The Lehi campus, she said, will place care closer to Utah County families so they do not have to travel as far to receive services.
The hospital also announced that Lisa Paletta, who is currently the administrator of Alta View Hospital in Sandy will be the administrator of the Lehi campus. Welkie said Paletta was involved in the design, construction and opening of the new Alta View Hospital campus and is known for bringing leadership together.
“She is absolutely the ideal person for this role,” Welkie said.
The Lehi campus will allow space to build additional buildings to the site as the need arises. When finished, the pediatric intensive care unit at Utah Valley Hospital in Provo will move to the Lehi campus.
High-level services, such as cardiovascular services and organ transplants, will continue to be performed at the Salt Lake City campus.
Paletta said the time was right for a Lehi campus to meet Utah County’s needs. Consolidating intensive pediatric services, she said, will allow for additional services to move to the site and be available.
“We are extremely excited and have received positive feedback as we made this announcement a few weeks ago,” she said.
Feb. 18 will be the Provo City School District’s snow make-up day, the district announced Friday.
Prior to the district’s decision to make last Monday a snow day, the school district’s calendar showed both Feb. 17 and Feb. 18 as days off from school, for President’s Day and a Professional Development Day, respectively. Now, students will return to school Tuesday rather than Wednesday.
“Decisions to cancel school are never made lightly,” the announcement reads. “The early morning call for a cancellation of school was made after consultation between District Administration, Transportation Department personnel, Maintenance Department personnel, Provo City personnel and neighboring school districts.”
The National Weather Service in Salt Lake City issued a hazardous weather outlook for the western two-thirds of the state the day of the snow day.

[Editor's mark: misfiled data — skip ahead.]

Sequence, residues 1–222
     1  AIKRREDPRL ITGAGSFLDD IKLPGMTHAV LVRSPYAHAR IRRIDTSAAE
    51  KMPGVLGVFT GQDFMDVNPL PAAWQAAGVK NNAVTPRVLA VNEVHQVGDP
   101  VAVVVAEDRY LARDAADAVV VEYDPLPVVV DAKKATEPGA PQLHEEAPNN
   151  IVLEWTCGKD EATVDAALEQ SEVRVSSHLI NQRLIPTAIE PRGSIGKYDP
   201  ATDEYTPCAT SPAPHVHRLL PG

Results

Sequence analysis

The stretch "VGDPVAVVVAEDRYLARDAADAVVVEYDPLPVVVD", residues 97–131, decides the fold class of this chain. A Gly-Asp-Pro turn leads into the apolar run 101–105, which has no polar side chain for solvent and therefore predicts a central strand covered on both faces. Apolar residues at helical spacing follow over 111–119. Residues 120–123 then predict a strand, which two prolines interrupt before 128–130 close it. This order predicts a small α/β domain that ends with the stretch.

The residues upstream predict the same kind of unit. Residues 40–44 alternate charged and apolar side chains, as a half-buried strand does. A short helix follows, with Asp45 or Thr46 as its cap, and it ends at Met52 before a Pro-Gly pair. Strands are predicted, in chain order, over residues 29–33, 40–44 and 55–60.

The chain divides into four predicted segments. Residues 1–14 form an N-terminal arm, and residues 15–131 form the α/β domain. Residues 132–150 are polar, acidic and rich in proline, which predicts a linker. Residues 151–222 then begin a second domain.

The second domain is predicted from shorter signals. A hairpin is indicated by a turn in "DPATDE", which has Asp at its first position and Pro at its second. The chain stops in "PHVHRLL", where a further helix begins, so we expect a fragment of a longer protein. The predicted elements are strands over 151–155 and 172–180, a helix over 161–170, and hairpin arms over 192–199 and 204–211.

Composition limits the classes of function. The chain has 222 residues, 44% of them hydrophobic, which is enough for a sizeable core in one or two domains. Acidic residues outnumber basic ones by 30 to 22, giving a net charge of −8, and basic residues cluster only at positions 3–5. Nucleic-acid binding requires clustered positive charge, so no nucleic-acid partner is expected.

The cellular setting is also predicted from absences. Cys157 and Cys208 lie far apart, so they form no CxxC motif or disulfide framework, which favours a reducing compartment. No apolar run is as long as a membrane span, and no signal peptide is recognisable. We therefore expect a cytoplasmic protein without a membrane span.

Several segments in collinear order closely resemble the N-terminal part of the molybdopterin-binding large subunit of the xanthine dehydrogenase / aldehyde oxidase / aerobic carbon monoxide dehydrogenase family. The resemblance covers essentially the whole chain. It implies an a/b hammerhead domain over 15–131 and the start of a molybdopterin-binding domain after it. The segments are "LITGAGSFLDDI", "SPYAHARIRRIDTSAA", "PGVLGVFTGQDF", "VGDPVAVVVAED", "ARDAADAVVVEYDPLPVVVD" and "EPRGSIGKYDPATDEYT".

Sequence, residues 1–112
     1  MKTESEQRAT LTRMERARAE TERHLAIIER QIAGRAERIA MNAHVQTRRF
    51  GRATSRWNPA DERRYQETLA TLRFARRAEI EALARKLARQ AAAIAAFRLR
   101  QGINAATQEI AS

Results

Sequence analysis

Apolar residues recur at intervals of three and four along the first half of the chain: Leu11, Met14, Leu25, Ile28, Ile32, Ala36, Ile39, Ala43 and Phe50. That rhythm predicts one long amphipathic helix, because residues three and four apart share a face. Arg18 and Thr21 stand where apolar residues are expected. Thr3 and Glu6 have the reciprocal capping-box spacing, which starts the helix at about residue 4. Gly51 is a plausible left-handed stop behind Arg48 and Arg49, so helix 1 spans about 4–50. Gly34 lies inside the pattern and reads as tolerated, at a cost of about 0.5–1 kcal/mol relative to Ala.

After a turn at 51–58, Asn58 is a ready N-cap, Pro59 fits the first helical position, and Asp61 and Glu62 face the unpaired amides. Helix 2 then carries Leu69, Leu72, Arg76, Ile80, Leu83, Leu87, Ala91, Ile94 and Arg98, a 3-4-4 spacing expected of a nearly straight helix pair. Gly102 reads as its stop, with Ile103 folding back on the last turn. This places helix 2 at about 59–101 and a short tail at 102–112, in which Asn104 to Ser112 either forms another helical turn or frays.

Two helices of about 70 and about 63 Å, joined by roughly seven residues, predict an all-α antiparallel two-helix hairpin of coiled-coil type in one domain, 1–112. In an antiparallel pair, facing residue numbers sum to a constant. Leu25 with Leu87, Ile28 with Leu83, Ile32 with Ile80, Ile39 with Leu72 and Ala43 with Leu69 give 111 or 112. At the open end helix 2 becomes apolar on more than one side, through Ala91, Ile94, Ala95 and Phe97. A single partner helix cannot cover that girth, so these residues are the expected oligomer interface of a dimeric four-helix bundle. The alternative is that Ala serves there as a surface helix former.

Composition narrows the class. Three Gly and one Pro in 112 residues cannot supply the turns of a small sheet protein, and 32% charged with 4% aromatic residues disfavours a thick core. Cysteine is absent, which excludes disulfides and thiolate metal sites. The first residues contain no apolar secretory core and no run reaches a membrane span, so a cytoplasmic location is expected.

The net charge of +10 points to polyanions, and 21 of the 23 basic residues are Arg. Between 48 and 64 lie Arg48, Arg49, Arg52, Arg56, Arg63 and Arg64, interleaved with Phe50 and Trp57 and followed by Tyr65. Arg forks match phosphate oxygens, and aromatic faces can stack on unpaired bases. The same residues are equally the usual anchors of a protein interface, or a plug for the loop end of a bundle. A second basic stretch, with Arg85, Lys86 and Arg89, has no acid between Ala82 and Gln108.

District personnel drove Provo’s streets at 3 a.m. and reported icy roads and considered an upcoming forecast for heavy snow, according to the announcement. While not much snow ended up accumulating in some areas of the school district, with students that live up in the mountain benches and employees who live across the county, the district issued a closure, citing safety.
The decision to have Feb. 18, a Tuesday, as the make-up day was issued after the district spoke to the Provo Education Association, district administration, employees and parents, and looked at comments on social media.
The district will accept excused absences for any students whose families had already planned to be away that day, according to the announcement.
Public schools must have at least 990 instructional hours over at least 180 days each academic year and make up days that are missed due to lost weather. The Provo City School District petitioned the Utah State Board of Education for a waiver to not have to make up that day, the announcement reads, but the request was denied.
After years of work, the time has finally come to wrap up the 2020 recruiting class for the BYU football team.
The Cougars officially signed 13 athletes in December, so it’s unlikely there will be a huge number of signees on Wednesday’s National Letter of Intent Day but BYU added a few more players to the mix.
The first signee was defensive back Petey Tuipulotu, a 6-foot-3, 190-pound athlete from Fort Mills, South Carolina and the younger brother of BYU tight end Hank Tuipulotu and athlete Ben Tuipulotu.
The Cougars added to their secondary again with Ty Burke, a 6-foot-1, 175-pound defensive back from Syracuse, Utah, being the next to sign.
The third defensive back to sign was another BYU legacy athlete as Preston Rex, a 6-foot, 187-pound athlete from San Clemente, California, and the younger brother of Isaac Rex, joined the team.
The secondary parade continued as Dean Jones, a 6-foot-2, 190-pound defensive back from Phoenix, Arizona, was the next signee to be announced.
The first non-defensive back to sign was American Fork star linebacker Bodie Schoonover, a 6-foot-4, 214-pound athlete who was deciding between BYU and UCLA but ultimately chose to come to Provo.
The Cougars added a second local linebacker when Timpview’s Logan Pili, a 6-foot-1, 205-pound athlete, also signed his Letter of Intent. Both Pili and Schoonover were runners-up in their respective state tournaments this year.
The defensive focus continued with the signing of Salem Hills star John Nelson, a 6-foot-4, 240-pound defensive lineman. He is the cousin of former USC star Porter Gustin.
The Cougars added another lineman but this one was on the offensive side of the ball as Jake Griffin, a 6-foot-6, 265-pound athlete from Mesa, Arizona, added his name to the list.
The second American Fork Caveman made it official as Devin Downing, a 6-foot-2, 175-pound wide receiver, signed his letter of intent. He tweeted in December that he was signing early, so this might have been more about timing of the announcement.
The next addition was another linebacker and another family guy as Tate Romney, a 6-foot-3, 220-pound athlete from Chandler, Arizona, joined his brothers Baylor and Gunner Romney as a Cougar.
Check back for complete details on all of the 2020 signees as they are announced on Wednesday as well as for reaction from the BYU coaching staff.